(pathology, diagnosis, appropriate treatments, potential solutions)

(pathology, diagnosis, appropriate treatments, potential solutions)

Rickettsial Disease
(pathology, diagnosis, appropriate treatments, potential solutions)

Viral Hemorrhagic Fevers
(pathology, diagnosis, appropriate treatments, potential solutions)

(pathology, diagnosis, appropriate treatments, potential solutions)

(pathology, diagnosis, appropriate treatments, potential solutions).

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Religious Services:
Protestant and Catholic religious services are held weekly in Antigua, Panajachel, and Santa Cruz La Laguna. Jewish and Muslim religious services are held weekly in Guatemala City.

Antigua and Panajachel are charming towns. As such, you may acquire a false sense of security. While it is quite safe to walk all over the towns during daylight hours, avoid walking alone or on deserted streets late at night.

Foreign tourists in general may be singled out, as they are presumed to be “wealthy” and carrying valuables. To protect yourself, use common sense precautions:

1. Unless you have immediate need of them, leave most of your cash, traveler’s checks, passport, jewelry, airline tickets, credit cards, expensive watch, and, perhaps, your camera in a sealed, signed envelope in your hotel’s safe or hidden out of site at your house. At hotels, obtain a receipt for the envelope; you may have to supply the envelope. Your signature on the envelope and a receipt from the hotel clerk will help prevent pilfering.

2. Have a money belt or a pouch on a string around your neck and place your remaining valuables in it and wear it underneath your clothing. You can carry a small amount of ready money in a pocket or bag.

In Santa Cruz La Laguna, safety is not as much of an issue. The isolation of this village—only accessible by boat or foot—makes it safer than other areas of Guatemala. Also, men do not make sexual comments or gestures toward women. Nevertheless, common sense advises a) that women should not walk alone or on trails at night and b) that one should keep valuables in a safe place and out of view.

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Antigua and Panajachel have a multitude of vendors to satisfy visitors’ desires for colorful Guatemalan products. Wherever there is an open space, you may find a vendor selling. The Mercado de Artesanias, by the bus station in Antigua, has plenty to offer, as does Santender Street in Panajachel. Bargaining with the market and street vendors is accepted practice. In general, the asking prices quoted to foreigners are higher than the vendors will accept. Depending on one’s bargaining skills, the final prices may drop from 30% to 50% of the initial asking prices.

Sightseeing / Recreation:
Recommended trips are visits to Chichicastenango, Livingston, Guatemala City, and the Mayan ruins of Tikal, Ixmche and Quiriguá. Some participants may choose to climb one of the volcanoes near Antigua or surrounding Lake Atitlán or to take a breakfast or lunch horseback ride from a ranch in Santiago Atitlán.

In the Santa Cruz La Laguna area, hiking trails abound, and one can also rent kayaks, as well as private boats, to familiarize oneself better with the Lake’s mysteries and beauty. In addition, there is a diving school, located at the Iguana Perdida, a hostel near the dock in Santa Cruz. The Iguana additionally provides waterskiing trips by special arrangement.

For safety, a reputable guide is recommended for all of these activities / destinations.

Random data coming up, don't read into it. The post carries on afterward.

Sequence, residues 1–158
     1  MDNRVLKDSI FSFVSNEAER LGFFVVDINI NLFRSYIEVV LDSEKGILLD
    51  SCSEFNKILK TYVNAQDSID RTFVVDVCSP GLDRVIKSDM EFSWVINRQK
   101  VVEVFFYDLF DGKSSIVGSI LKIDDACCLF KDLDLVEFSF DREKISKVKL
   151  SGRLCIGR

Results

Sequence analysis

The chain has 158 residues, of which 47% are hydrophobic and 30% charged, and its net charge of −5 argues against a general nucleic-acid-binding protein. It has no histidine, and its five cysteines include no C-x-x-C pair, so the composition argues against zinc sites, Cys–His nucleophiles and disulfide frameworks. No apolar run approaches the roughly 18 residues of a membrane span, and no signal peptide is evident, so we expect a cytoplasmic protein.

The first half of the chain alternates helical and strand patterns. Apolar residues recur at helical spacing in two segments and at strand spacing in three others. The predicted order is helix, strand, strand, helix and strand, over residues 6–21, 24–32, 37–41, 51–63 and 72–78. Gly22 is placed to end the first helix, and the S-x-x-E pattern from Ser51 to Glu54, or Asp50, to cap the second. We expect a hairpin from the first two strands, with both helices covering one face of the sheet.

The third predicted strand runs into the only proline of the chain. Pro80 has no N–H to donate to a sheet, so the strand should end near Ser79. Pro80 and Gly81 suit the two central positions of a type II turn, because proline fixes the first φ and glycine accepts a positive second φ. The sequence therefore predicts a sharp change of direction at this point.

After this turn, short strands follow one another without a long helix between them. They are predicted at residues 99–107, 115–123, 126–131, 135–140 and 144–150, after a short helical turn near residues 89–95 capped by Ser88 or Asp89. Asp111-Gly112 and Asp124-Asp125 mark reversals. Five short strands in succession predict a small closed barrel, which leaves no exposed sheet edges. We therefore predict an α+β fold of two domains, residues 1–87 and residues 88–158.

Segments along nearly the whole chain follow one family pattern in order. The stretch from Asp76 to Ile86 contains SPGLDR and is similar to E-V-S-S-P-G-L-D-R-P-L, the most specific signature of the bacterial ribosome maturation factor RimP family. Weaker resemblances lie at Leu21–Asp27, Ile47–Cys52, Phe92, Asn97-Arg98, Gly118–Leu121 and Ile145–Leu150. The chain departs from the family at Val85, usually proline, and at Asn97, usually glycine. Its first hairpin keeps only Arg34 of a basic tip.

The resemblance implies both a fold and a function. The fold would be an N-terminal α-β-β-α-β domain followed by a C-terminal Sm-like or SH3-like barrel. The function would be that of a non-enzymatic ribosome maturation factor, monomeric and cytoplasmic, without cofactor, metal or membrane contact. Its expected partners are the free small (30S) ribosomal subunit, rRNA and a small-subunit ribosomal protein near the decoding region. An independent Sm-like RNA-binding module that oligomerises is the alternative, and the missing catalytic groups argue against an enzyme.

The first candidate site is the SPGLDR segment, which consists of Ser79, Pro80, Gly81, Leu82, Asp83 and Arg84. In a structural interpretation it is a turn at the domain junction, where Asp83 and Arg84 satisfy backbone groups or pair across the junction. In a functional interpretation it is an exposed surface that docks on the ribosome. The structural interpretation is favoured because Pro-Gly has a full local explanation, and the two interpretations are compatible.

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Telephone Service:
Many of the Internet cafes offer competitively priced international telephone service. And there are many public phones—operated with pre-paid phone cards, which are available at almost all convenience stores throughout Antigua, Panajachel, and the rest of Guatemala.

Cellular phones in this area operate with the purchase of pre-paid telephone cards, specific to the telephone’s plan (i.e., Comcel phones can only use Comcel cards, known as Tigo cards). Project participants are advised to purchase a) an inexpensive cell phone ($25-30) or b) a SIM card ($10-12) for US cell phones operating on the GSM system.

Telephone calls with cellular phones can be made to locations both within Guatemala and the U.S. The cost of the call is more for minutes used to call the U.S (approximately 10 cents per minute USD). One nice feature of cellular phones in Guatemala, however, is that the user only pays for the minutes used for calls made and not the minutes used for calls received. As such, receiving calls from the U.S. costs nothing.

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Guatemala is on Central Standard Time (CST) always. The country does not change time for daylight savings purposes, due to the fact that the amount of sunlight during the year varies minimally.

A 10% tip is expected in restaurants, and most often, it is automatically added to the bill. Tour guides generally receive a tip of about 10%, more if the tour is outstanding.

The most important thing to know about Guatemalan toilets is that you should not throw anything into any of them, including toilet paper. For this reason, bathrooms are equipped with a wastebasket or a small box into which you throw soiled paper. Toilet paper is not always provided, so be safe and carry your own supply with you.

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Tourist Services:
Antigua’s INGUAT tourist office is on the southeast corner of the central park, and it is open from 8am–5pm, seven days per week. The office of the Tourist Police in Antigua is on the corner of 4a Calle Oriente and 4a Avenida Norte. The office in Panajachel is at the main dock area. Anyone who is robbed should report there first.

Don’t forget:
• Documents: passport and tickets
• Cash, traveler’s checks, credit card
• Toiletries
• Medications
• Sunscreen and insect repellent
• Writing materials (notebooks, pens, etc.)
• Books / learning materials
• Camera and film
• Bathing suit and flip-flops.